He was recently switched to Vyvance. Somewhat the same type of drug. Still getting the dosage adjusted. Also tried Stratera, but that did nothing for him.

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    Oct 20, 2014 3:08 AM GMT
    School is an awful place for ADHD society. i have diagnosed ADHD when i was 16. And bullied and ignored by crowd. You have to understand, we are highly sensitive people.. We can not handle this, it is just natural for us. And It is difficult to understand for most people, even to my family.
    But as a partner , it should be different.. That is what relationships for, to stand someone through good and bad, learn and get ready for challenge, trying to understand from yours and his side. I think it is a beautiful building based on unconditional love. You are not expected to have it, you expected to build it. Love is sacrificial

    And good luck with you 2 icon_smile.gif
  • vj2004t

    Posts: 203

    Oct 20, 2014 3:21 PM GMT
    I have been ADD for years finding the right meds can work wonders. I have been on adderall for quite a while. If he is not on meds see a doctor that will work with him and find the right combination. I consider the meds just like eye glasses they dont heal you just make it so you can see and function better...Val
  • spitfire

    Posts: 34

    Oct 20, 2014 5:04 PM GMT
    Jerrsei saidThank you, guys. He is not on medication and he would not take it, anyway. In the past, before we ever met, he said he was but he didn't quite like it.


    I don't blame him for not liking it. I was diagnosed with ADHD back in grade school and was originally put on ritalin until high school. It was awful, it feels like you lose the things that make you who you are. I compare the feeling to living a life full of vibrant colours, passions, and emotions when normal to living a life of drab colouration, almost in monochrome, where you're apathetic about everything and you're just in a state of being. No thoughts, no emotions, just doing. That being said, different drugs (on different dosages too) will react differently to each person. As vj2004t said, the right meds can work wonders. My experiences with concerta weren't as poor as those of ritalin but I still prefer a life without it. It's much more liberating to live without being on meds, in my opinion; kind of like how liberating it feels to be out of the closet, in a way. Also, who is to say you'll be just as fond of him if he were to be on meds regularly? It could change him just enough that he'd lose some of the qualities that you love.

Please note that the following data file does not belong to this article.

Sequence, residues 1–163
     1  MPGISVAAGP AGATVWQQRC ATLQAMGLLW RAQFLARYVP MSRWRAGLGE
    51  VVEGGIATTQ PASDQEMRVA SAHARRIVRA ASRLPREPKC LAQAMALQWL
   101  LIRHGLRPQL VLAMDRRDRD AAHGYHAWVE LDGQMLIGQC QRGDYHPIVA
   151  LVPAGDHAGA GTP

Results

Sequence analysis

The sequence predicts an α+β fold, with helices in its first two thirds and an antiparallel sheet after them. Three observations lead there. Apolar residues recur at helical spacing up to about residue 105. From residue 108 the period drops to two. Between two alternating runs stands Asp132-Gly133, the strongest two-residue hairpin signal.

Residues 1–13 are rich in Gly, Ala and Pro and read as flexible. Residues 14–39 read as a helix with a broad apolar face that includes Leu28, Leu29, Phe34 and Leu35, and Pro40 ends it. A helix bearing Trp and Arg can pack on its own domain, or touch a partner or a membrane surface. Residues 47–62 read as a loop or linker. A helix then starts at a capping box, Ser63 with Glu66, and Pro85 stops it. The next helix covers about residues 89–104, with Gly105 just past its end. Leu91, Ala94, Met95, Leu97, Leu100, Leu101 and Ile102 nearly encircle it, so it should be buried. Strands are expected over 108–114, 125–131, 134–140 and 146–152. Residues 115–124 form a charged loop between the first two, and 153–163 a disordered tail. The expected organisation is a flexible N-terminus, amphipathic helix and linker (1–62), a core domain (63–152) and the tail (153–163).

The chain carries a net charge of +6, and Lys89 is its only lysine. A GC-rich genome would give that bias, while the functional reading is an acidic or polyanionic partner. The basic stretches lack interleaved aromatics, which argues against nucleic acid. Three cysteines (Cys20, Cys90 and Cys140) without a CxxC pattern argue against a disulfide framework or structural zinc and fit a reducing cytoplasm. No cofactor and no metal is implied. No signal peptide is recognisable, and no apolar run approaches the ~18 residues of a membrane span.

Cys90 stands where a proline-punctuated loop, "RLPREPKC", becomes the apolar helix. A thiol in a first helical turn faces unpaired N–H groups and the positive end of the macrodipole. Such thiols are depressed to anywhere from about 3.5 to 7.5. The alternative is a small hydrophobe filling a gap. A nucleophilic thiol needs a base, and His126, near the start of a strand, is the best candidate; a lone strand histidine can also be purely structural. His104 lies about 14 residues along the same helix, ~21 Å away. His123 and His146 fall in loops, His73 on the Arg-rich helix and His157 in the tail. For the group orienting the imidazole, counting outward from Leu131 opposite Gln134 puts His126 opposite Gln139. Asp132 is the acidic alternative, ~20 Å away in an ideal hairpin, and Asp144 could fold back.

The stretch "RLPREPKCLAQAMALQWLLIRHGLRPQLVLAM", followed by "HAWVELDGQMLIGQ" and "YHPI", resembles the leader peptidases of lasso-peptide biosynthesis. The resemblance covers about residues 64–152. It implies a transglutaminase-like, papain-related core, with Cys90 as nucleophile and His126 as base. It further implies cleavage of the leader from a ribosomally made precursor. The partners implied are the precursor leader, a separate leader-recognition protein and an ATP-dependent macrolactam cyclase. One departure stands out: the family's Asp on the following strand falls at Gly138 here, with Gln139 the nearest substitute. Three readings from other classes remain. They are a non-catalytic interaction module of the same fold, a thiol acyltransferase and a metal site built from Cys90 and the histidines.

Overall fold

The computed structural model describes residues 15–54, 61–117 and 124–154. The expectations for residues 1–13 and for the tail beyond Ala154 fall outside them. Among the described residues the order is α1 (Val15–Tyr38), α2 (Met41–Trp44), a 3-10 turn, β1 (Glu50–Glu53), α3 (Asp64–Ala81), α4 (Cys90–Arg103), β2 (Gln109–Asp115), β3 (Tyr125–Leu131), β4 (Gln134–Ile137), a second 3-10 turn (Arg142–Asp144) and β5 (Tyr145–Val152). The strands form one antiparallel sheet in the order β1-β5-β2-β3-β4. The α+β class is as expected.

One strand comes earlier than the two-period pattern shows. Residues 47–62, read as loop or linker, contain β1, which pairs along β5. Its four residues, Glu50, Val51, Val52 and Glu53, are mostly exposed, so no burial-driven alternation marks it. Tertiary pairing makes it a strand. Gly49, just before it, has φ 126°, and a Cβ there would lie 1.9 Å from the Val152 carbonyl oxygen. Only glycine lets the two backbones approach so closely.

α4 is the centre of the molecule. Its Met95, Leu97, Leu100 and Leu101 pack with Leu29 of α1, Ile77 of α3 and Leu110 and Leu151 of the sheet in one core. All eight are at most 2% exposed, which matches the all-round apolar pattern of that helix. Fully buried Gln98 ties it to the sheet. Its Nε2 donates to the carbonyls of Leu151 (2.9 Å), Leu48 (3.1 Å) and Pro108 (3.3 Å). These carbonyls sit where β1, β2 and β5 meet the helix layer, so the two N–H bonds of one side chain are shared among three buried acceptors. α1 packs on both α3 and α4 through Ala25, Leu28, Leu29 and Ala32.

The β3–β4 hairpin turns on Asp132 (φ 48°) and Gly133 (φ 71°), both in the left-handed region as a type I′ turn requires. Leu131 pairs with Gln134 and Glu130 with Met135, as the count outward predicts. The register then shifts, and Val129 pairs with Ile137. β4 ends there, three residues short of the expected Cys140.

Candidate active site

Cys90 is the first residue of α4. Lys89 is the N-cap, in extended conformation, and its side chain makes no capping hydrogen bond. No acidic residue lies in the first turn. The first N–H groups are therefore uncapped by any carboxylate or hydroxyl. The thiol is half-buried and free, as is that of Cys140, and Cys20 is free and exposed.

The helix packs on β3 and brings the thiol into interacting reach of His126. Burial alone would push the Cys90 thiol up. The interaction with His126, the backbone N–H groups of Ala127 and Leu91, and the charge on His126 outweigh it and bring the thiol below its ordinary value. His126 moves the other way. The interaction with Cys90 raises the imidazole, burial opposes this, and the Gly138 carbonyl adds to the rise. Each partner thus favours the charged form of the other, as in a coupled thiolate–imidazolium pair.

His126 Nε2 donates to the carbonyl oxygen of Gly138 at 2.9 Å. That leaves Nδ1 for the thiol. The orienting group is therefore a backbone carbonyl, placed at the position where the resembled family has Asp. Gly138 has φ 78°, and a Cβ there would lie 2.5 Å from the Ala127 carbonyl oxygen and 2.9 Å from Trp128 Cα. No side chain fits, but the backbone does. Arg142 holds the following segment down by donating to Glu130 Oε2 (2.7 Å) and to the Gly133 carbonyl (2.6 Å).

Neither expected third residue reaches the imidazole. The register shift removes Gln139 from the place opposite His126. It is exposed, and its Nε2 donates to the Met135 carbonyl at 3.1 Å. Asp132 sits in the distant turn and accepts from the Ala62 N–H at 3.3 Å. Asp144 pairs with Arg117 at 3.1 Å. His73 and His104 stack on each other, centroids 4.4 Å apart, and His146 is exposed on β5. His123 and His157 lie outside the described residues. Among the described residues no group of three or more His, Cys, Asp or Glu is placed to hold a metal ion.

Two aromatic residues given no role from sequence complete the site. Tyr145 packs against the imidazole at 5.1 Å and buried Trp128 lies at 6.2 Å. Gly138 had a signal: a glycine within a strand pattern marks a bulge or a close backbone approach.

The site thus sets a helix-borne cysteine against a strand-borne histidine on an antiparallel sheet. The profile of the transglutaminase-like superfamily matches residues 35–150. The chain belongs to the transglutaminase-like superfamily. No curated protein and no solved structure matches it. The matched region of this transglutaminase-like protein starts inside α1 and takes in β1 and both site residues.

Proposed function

Jerrsei saidBut sometimes when he starts obsessing over something, it can get out of hand real quick. I think my iron resolution and patience helps deal with it and it may be a reason why we are as compatible as we are.


    I think the other issue is the difference of maturity. You've mentioned that you're older than him and appear to be a relatively calm individual judging by some of the stuff you have said, which makes me think that there's a great enough difference between the maturity level of you two. None of that is bad, but I feel like that's where some of the problems are arising. In a way, he just needs to find his way some more. He'll always get out of hand with his obsessions, but eventually he'll begin to taper and it won't be as bad - it'll never leave though and flare ups will occur. If you're in this relationship for the long haul, you're going to need to hang on with your patience and iron resolution. You'll have to grow and find ways to combat his weaknesses but in doing so, you'll both grow stronger together. icon_smile.gif